Ireland Bows to Pressure to Increase Its Corporate Income Tax Rate
In 2015, Ireland caved in to pressure from the European Union, the Organisation for Economic Co-operation and Development (OECD), and the U.S. to close a loophole that facilitated the use of the controversial Double Irish structure by multinational enterprises (MNE). The Double Irish structure was typically coupled with a Dutch Sandwich to form a Double Irish, Dutch Sandwich. It became a preferred structure on the menu of tax planning strategies for MNEs. The Irish government gave MNEs until 2020 to eliminate this structure. In the latest blow to Irish tax sovereignty, the Irish government agreed to an increase in its corporate income tax rate from 12.5 percent to 15 percent so it aligns with the OECD’s plan to implement a global minimum tax.
A global minimum tax is a pillar of the OECD’s goal to combat base erosion and profit shifting by MNEs. Under the proposal, referred to as the Global Anti-Base Erosion (GloBE) rules, there will essentially be a minimum tax rate of 15 percent for each jurisdiction. If a country has a tax rate of less than 15 percent or if a payment to a country is taxed at less than 15 percent, the rules force those profits to be taxed at 15 percent, either at the parent company level or in another jurisdiction. One hundred and thirty-three countries, with the notable exception of Ireland, Estonia, and Hungary, had signed on to OECD’s plan to implement the GloBE rules. The Irish government was reluctant to increase its corporate tax rate, as it was instrumental in luring large MNEs, such as Google, Pfizer, LinkedIn, and Facebook, to establish their European headquarters in Ireland, which resulted in the creation of numerous jobs and an increase in its tax base.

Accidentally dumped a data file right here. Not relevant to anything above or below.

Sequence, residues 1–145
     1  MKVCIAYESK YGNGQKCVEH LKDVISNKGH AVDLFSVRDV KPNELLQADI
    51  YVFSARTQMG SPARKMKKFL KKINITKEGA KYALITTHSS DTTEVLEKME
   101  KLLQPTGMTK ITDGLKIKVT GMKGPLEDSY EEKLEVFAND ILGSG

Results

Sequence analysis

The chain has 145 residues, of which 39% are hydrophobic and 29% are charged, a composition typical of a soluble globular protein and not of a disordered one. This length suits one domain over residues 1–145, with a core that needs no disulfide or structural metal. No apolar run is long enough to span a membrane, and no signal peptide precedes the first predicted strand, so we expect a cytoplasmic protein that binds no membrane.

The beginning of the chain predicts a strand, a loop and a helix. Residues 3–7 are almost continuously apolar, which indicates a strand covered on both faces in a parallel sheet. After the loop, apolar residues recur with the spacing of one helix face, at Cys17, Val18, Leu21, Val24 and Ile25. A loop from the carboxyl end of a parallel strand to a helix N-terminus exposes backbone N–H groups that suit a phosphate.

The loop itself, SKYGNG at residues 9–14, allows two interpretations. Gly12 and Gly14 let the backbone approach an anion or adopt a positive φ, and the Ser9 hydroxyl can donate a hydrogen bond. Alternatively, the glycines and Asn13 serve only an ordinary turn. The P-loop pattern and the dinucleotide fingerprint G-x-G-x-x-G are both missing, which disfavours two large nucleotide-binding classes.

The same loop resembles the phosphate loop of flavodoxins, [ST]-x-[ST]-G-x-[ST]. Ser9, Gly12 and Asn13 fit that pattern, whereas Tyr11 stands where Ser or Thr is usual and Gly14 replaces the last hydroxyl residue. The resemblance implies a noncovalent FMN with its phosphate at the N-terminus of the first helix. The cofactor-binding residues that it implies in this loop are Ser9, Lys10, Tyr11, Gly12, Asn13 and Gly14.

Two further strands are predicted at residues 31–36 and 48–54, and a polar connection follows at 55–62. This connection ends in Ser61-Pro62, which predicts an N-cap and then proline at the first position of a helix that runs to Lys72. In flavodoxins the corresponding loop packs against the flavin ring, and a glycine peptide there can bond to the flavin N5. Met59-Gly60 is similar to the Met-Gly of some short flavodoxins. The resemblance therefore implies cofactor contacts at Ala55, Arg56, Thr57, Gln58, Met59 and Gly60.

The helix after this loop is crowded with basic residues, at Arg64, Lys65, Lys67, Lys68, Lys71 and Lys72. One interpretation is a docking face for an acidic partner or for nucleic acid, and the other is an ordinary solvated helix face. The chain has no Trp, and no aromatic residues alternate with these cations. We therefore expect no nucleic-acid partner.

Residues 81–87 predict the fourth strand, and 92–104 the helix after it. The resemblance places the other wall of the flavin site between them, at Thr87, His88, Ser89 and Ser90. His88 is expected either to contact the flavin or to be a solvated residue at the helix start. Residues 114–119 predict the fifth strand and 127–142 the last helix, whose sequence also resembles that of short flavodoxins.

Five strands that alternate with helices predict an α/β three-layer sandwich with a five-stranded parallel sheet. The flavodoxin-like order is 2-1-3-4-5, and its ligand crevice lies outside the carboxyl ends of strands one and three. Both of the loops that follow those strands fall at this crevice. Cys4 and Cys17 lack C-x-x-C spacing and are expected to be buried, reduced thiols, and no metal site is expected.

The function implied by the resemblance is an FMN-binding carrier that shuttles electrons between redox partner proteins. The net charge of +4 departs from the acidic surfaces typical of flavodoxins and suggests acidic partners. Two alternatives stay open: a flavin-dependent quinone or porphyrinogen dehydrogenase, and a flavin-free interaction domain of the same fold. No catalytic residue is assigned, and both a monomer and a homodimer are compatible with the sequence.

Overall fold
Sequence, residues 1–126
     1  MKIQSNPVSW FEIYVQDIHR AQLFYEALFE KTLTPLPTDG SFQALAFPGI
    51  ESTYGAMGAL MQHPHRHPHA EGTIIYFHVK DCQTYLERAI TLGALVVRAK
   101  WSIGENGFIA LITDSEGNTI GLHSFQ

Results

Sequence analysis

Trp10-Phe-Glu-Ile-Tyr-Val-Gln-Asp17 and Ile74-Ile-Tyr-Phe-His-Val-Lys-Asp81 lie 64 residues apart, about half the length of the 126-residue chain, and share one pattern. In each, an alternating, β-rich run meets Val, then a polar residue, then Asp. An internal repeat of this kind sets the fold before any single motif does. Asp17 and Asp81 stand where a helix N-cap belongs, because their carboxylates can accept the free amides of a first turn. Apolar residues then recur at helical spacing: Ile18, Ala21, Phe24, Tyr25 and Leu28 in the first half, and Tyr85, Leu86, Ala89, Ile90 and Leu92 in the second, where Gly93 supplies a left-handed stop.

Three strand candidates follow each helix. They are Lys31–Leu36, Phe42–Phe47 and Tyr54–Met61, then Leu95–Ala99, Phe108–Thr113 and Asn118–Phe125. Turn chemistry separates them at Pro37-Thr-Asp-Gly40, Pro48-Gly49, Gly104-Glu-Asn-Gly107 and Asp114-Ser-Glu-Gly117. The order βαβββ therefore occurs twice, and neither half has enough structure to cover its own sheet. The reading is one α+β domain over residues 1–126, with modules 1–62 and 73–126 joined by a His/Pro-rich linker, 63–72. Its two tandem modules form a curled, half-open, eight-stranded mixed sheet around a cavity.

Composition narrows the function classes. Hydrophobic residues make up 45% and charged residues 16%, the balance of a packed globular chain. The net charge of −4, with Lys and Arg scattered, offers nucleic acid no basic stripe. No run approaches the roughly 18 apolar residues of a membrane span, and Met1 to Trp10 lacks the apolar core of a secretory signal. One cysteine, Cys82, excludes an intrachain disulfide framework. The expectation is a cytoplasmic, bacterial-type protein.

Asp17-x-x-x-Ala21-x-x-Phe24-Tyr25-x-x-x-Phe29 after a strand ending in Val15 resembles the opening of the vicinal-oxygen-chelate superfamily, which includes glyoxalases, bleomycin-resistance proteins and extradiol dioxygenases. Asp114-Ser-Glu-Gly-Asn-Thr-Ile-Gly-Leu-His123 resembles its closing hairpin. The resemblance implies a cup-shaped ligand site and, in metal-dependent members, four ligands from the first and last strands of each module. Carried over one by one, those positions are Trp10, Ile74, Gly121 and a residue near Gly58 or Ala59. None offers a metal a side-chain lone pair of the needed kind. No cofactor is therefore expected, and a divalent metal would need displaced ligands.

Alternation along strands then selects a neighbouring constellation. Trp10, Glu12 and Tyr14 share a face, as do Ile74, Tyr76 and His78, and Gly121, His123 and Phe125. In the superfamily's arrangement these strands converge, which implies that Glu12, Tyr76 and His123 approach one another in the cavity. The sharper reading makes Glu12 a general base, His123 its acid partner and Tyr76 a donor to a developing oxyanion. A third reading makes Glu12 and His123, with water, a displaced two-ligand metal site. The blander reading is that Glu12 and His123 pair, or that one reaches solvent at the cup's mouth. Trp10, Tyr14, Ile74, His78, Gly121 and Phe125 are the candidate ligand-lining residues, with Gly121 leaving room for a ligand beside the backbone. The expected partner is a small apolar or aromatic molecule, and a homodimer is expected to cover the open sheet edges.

On October 7, the Irish cabinet came out in support of the OECD’s plan and agreed to raise its corporate tax rate on large taxpayers. Under the new agreement, starting in 2023, large MNEs, defined as having consolidated revenues of more than €750 million (approximately $866 million), will be subject to 15 percent corporate income tax in Ireland. Companies under that threshold will continue to be taxed at 12.5 percent. It is estimated that 56 MNEs will be affected by the new Irish tax rate and just 100 companies accounted for almost 80 percent of Ireland’s tax revenue. As part of convincing Ireland to join the plan to adopt the GloBE rules, the OECD agreed not to increase the rate above 15 percent in the future.
MNEs with operations in Ireland should assess if they will be subject to the 15 percent corporate rate. Prognosticators have predicted that if the GloBE rules are successful, the €750 million threshold will be reduced so it is applicable to all MNEs, regardless of revenue size. Reach out to your BKD Trusted Advisor™ or submit the Contact Us form below to discuss the proposed OECD GloBE rules or the increase in the Irish tax rate.